Staying ahead of the game in these fields and recognizing the relationship that UW-Madison has with the state shows how Chancellor Blank believes in the Wisconsin Idea – an idea regarding the importance of the university reaching out beyond its campus boundaries so that what happens here on campus is in service to the state. But Chancellor Blank has even a bigger idea: to not limit the Wisconsin Idea just to the borders of the state, but to think about Wisconsin in service to the nation and in service to the world. “The question of what can we do to help make the world a better place, whether it’s about ideas or students, I think we have that responsibility as a public university,” says Chancellor Blank, “and I love the fact that we have an actual name for it – the Wisconsin Idea.”

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It becomes clear that UW-Madison made the perfect selection in choosing Rebecca Blank as the next chancellor. She is committed to a relationship with the state, a stable economic plan, research and education to provide the world a better tomorrow. It is undeniable that Chancellor Blank lives the Wisconsin Idea. “I guess I really deeply believe that these big public universities are fundamental to the future of our nation, and making sure that they not only survive but they thrive is incredibly important,” says Blank. As the role of UW-Madison was and is becoming defined in Wisconsin, the future of this great university is undoubtedly bright.

Q&A Section

I was fortunate enough to be able to interview Chancellor Blank, and the above quotes came directly from that interview. Since there was extra material in the interview I thought was important to include, here is some of our conversation that I left out of the article.

Charlie: What is your favorite spot in Madison?

Chancellor Blank: The terrace. Where else is there? The first day we arrived in town, my husband, daughter, and I went down and had a brat on the terrace and sat and looked out over the lake. It was the middle of July and was just beautiful!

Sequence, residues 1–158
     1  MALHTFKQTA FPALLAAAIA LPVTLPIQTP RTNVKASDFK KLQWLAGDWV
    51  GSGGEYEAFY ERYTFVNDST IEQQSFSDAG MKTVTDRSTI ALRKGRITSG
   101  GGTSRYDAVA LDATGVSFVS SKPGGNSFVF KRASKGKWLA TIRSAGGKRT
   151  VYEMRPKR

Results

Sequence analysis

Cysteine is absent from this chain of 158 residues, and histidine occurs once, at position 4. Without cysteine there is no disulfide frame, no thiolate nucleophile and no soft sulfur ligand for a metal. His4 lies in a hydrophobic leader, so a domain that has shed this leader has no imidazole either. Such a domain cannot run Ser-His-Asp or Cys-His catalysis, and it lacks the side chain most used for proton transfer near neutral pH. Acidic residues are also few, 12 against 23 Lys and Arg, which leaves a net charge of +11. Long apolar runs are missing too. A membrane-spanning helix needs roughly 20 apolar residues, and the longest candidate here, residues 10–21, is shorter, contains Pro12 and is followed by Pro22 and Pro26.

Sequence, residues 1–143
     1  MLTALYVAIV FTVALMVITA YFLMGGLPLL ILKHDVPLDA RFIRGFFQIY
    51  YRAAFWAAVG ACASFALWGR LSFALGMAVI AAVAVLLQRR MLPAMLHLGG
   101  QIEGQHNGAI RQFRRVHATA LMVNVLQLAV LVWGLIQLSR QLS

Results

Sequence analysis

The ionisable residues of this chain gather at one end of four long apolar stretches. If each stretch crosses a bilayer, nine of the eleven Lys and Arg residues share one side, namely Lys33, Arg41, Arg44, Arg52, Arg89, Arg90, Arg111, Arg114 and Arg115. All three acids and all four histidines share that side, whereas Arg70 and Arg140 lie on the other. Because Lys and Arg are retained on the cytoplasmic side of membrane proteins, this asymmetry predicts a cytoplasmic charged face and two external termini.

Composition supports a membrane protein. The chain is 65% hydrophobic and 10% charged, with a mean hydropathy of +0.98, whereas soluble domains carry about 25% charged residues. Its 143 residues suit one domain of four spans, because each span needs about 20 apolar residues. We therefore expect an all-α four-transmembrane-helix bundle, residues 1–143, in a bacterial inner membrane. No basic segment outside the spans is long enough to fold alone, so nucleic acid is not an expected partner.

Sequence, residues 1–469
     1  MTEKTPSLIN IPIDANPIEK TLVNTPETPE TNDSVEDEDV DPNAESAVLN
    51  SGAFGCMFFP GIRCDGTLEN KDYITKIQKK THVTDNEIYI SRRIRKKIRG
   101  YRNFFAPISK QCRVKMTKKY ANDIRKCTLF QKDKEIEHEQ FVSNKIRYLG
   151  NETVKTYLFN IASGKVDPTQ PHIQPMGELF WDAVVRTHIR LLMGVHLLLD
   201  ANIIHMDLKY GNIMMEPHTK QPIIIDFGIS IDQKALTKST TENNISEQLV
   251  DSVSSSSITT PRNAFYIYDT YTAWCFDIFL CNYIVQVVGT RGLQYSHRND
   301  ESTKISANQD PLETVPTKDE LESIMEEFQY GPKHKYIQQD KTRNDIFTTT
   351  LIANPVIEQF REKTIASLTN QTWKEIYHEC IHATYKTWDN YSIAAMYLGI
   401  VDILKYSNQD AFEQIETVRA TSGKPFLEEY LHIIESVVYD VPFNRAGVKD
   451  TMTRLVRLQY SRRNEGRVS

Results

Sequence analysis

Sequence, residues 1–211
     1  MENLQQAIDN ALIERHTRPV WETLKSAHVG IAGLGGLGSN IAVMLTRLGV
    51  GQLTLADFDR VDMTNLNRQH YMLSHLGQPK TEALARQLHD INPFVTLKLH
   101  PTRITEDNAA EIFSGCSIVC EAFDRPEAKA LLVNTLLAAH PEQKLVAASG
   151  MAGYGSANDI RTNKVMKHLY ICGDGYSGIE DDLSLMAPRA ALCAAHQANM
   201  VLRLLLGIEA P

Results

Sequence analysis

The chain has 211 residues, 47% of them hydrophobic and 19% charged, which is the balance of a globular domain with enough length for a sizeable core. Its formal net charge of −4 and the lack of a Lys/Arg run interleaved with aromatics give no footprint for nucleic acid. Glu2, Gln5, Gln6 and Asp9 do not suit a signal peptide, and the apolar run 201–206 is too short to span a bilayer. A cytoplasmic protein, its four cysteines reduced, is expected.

Charlie: Have you been to a Badger football game yet?

Chancellor Blank: I have indeed. I have gone to every home game! The football is just great. We have had such a good team this year, and the new coach is superb. It has certainly been a fun fall for Badger football. And, luckily, I’ll be out in Orlando for the bowl game, which should be a great game!

Charlie: Engineering seems to have a huge role in the future; how does the schooling and the research combination within engineering play a key role in your vision of UW-Madison?

Chancellor Blank: First of all, you can’t be a full-fledged research university without a first-rate engineering school. Engineering is not the only school of which this is true, but certainly for engineering, the students that are educated there and the research that is done within the school is going to be in very high demand in the next several decades around the world. Much of what engineering does, particularly in certain sectors of the economy, in which manufacturing is the most obvious, is what the private sector is going to need to maintain our role in global and competitive economy.

One of the exciting things about being an engineer right now is that there’s really a revolution going on in manufacturing. There are potentially some technical changes that are going to jump manufacturing in the way that the steam engine did. 3D printing is one example of them, another being the availability for better human-machine interaction. There’s a series of changes going on that we have just begun to see the front end of. It’s not clear what manufacturing is going to look like in the next 20 or 30 years, and there are really great engineering problems involved in that.

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Charlie: How can we students recognize your vision, help build it, and even enhance it?

Chancellor Blank: The first and most obvious answer is when you get your degree, you will be an embodiment of the Wisconsin Idea because you will be a piece of the university that is out there in the world, and your life, your career, the work that you do, in your community or your professional life, you will hopefully use some of the things you learned here. So I would say go have a successful career, and be active in your community and take that sense of service and outreach into your life. Our alumni are really the true embodiment of the Wisconsin Idea. Second, while your first priority is classes and grades and the things you need to do to get through your program, I hope that students do internships or volunteer at the Morgridge Center for Public Service or will be involved in some way that link the campus and community. And I know a lot of students do that and I think that’s equally important while they are here on campus.

Charlie: What other advice would you give to undergraduates?

Chancellor Blank: Just enjoy the time you spend here at Wisconsin! Jump in to the environment and get involved. It’s what I love about these places. Get involved in the groups you are passionate about and work hard, but take advantage of everything that’s around here!